According to NIRS’s Nuclear Security Index, which tracks the safety of weapons-usable nuclear materials, the past two years saw no improvement in a range of measures including on-site physical protection, security during transport, and the ability to recover lost radioactive materials.

On the summit’s sidelines, Obama is expected to meet with the leaders of China, South Korea and Japan, who all share concerns about North Korea’s nuclear program. Judson of NIRS says that another worrying development is the US support for the Japanese government building a nuclear fuel reprocessing facility.

“[It] is nothing else but a facility to separate plutonium from used reactor fuel,” said Judson. “That presents both a proliferation concern, but also raises concerns about an escalation of an arms race in East Asia – because the Chinese government does not take lightly the Japanese government separating plutonium, nor does the North Korean government, and by extension the South Korean government.”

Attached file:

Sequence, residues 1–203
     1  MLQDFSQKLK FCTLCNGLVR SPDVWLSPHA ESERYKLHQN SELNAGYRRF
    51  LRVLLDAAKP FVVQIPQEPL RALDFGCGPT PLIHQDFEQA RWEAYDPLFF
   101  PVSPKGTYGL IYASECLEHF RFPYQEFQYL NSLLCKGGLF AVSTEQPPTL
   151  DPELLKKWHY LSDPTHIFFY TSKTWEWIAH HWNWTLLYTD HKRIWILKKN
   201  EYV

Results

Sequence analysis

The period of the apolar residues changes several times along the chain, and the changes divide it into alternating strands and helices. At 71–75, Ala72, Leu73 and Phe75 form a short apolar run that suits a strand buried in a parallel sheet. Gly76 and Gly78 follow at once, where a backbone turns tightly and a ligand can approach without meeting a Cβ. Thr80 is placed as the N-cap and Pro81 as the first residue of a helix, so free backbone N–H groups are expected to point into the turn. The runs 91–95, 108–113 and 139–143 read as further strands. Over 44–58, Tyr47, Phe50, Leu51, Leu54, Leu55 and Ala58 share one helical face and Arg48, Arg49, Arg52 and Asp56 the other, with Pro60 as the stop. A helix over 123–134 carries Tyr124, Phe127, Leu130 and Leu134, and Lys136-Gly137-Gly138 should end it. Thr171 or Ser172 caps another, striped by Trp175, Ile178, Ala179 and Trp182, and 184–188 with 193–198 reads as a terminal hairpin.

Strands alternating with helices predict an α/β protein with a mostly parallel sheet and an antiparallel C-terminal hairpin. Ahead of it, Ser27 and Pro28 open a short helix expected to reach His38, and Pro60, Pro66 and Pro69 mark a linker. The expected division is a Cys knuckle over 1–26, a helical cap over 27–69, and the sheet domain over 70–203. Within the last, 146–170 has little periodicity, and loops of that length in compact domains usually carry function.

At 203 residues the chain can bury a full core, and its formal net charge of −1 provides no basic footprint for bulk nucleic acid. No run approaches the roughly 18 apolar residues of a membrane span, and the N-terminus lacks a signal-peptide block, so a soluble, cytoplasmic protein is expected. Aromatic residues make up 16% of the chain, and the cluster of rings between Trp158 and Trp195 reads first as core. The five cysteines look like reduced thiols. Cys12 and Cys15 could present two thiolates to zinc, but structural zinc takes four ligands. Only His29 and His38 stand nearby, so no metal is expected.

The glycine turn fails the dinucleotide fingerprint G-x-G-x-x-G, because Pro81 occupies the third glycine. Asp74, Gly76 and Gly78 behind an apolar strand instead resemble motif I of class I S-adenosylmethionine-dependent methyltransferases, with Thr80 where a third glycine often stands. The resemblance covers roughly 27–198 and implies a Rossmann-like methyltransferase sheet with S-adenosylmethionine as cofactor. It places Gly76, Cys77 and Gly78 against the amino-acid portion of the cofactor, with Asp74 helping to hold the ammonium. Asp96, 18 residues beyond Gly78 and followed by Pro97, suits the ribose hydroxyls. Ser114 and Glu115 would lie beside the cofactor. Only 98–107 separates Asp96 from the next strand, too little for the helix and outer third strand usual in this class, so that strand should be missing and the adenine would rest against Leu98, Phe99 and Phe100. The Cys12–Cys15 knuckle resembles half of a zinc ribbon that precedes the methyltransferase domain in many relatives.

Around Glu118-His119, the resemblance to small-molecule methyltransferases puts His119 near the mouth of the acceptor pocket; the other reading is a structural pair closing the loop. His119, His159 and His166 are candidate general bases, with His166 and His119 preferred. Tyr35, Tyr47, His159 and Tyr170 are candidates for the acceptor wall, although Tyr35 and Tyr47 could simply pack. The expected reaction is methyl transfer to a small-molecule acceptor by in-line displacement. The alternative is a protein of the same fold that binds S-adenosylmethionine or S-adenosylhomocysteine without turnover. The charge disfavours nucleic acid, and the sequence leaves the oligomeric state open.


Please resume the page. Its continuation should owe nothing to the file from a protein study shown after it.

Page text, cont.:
Russia has sent delegates to three previous summits, but announced that no officials would be coming to Washington this time. Moscow will be represented by its ambassador to the US, Sergey Sergei Kislyak.

Foreign Ministry spokeswoman Maria Zakharova said in January that the summits interfered with international organizations like the International Atomic Energy Agency, the UN’s nuclear watchdog, and imposed on them the "opinions of a limited group of states."

Protesting the summit on Friday will be a group called Global Zero. They plan to erect a life-size inflatable nuclear missile at a noontime rally in downtown Washington’s McPherson Square, to draw attention to the 15,000 nuclear weapons in the world. Organizers with Global Zero, an international movement to eliminate nuclear weapons, argue there can be no such thing as “nuclear security” as long as atomic weapons exist.